PacSun chooses protection of Chapter 11 bankruptcy

Following the spate of clothing retailers to file for bankruptcy, PacSun -- a retailer of surfwear with about 600 stores nationwide, including in Ohio -- is the latest to follow that route. The retailer filed for Chapter 11 bankruptcy, announcing that it was a well-planned move to reorganize and restructure the company. Raised levels of competition and the increased popularity of online shopping were cited as part of the reason for the company's failure to show profits in recent years.

Filing for bankruptcy was in no way a negative move. With the protection of the U.S. Bankruptcy Code, the retailer was able to negotiate a deal with a private-equity firm to swap debt for equity that will provide the company with additional capital of about $20 million when it emerges from bankruptcy. To help fund the reorganization, Wells Fargo has also agreed to a $100 million loan.

Bankruptcy protection may be the answer for business debt

Small business owners in Ohio who are experiencing overwhelming debt may be surprised to learn the extent of the protection that can be obtained by filing for bankruptcy. Bankruptcy often provides a business owner with the opportunity to overcome excessive business debt. An attorney can explain the protections afforded under the federal Bankruptcy Code.

With careful planning and professional guidance, a business bankruptcy can provide a solution for nagging debt problems. Personal and business bankruptcy will protect a small business owner from creditor harassment. Depending on the type of bankruptcy filed, debts may be discharged, reduced or delayed, which may be just what is needed to get the business back on track.

Misinformation about a reverse mortgage can lead to foreclosure

Reverse mortgages were created by Congress in the 1980s to help older homeowners cope with living expenses by drawing income from their home equity. After home values crashed due to the Great Recession, many senior homeowners nationwide, including here in Ohio, faced foreclosure. Although reverse mortgages may be the perfect option for some, consumer advocates warn that this type of loan is a risky choice because it is a complicated product.

A 68-year-old widow in another state explained that she lost her house due to her lack of understanding about the details of a reverse mortgage. When they needed $20,000 for home repairs in 2008, her husband took out a reverse mortgage. Because she was two years away from qualifying for a reverse mortgage at that time, she had her name removed from the title to the property, leaving her 65-year-old husband as the sole owner. According to the woman, the loan servicer assured her on several occasions that she would not lose the house should anything happen to her husband.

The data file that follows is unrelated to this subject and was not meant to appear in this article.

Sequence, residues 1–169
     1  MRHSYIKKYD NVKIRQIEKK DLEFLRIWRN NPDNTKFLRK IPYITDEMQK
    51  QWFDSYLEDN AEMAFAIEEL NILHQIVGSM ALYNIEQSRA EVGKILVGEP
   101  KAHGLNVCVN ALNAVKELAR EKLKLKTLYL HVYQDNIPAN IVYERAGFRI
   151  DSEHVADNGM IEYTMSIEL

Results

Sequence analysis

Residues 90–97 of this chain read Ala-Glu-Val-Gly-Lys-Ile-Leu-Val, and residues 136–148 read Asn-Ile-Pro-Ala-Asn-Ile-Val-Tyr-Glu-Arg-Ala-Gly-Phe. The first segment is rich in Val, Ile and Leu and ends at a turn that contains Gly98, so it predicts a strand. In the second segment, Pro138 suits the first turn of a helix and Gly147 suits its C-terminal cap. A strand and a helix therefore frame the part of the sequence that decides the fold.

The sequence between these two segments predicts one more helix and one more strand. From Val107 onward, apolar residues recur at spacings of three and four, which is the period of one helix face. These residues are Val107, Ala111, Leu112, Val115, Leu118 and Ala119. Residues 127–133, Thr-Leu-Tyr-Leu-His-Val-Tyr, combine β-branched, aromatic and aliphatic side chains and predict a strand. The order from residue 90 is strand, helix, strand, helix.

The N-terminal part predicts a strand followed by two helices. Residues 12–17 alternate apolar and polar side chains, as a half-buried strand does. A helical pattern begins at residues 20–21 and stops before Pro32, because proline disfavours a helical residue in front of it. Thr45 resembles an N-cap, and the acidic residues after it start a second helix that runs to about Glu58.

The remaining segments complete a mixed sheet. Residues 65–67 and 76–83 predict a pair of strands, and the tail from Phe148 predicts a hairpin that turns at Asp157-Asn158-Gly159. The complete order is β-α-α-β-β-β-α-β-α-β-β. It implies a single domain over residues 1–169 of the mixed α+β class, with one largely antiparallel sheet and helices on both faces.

Auto lender objects to discharge in bankruptcy -- unsuccessful

Ohio consumers who decide to file for personal bankruptcy do so for multiple different reasons. Some may have overwhelming credit card debt while others may have committed to loans or purchases that they cannot afford to pay back. An insurance salesman in another state started driving for Uber on a part-time basis in Oct. 2014. His intentions were to enhance his income, but he ultimately sought bankruptcy protection.

Although he had a functioning car that was fully paid, he followed Uber's advice to purchase an SUV that could carry more passengers and luggage on trips to the airport. The monthly instalment was $550, and he soon found that this was unaffordable. He filed for Chapter 7 bankruptcy within a month. The holder of the auto loan protested and argued that the debtor must be held accountable for the loan.

Consumer sues company for alleged unfair debt collection

Ohio consumers who are overwhelmed by debts may experience harassment by creditors or debt collection agencies. Although there are laws to protect consumers against unfair debt collection, the practice remains prevalent. Not all victims of such harassment know that they may take legal action against companies that unfairly hound them.

A federal lawsuit was recently filed against a company in another state. The lawsuit alleges the company violated the Fair Debt Collection Practices Act and the state's other consumer protection laws. According to court documents, the defendant contacted the plaintiff in March 2015 with regards to an alleged debt that was due for payment.